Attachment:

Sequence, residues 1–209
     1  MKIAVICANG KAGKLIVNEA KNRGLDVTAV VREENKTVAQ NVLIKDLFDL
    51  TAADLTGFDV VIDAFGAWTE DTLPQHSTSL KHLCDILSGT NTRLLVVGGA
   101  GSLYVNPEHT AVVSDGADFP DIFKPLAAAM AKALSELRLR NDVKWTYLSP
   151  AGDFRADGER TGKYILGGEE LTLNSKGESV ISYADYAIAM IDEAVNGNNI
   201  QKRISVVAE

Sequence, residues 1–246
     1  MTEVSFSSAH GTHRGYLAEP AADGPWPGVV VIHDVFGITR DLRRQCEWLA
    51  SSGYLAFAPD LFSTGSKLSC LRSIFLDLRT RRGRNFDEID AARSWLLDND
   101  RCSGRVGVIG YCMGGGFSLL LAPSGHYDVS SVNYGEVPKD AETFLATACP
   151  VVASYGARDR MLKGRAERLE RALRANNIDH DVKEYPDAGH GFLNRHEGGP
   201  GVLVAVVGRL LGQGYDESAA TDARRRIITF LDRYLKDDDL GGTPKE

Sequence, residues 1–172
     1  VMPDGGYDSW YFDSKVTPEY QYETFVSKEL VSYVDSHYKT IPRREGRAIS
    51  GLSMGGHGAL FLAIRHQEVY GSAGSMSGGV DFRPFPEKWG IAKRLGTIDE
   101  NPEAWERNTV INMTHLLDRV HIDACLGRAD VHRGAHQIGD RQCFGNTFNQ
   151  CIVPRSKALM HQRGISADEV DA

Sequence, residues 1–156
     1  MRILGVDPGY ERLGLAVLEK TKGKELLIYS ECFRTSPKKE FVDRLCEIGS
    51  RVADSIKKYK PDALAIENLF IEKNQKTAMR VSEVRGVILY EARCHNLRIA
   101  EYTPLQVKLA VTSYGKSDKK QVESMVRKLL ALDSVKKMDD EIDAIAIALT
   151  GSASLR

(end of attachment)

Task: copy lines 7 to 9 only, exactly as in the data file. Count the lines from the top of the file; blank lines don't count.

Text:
Sequence, residues 1–246
     1  MTEVSFSSAH GTHRGYLAEP AADGPWPGVV VIHDVFGITR DLRRQCEWLA
    51  SSGYLAFAPD LFSTGSKLSC LRSIFLDLRT RRGRNFDEID AARSWLLDND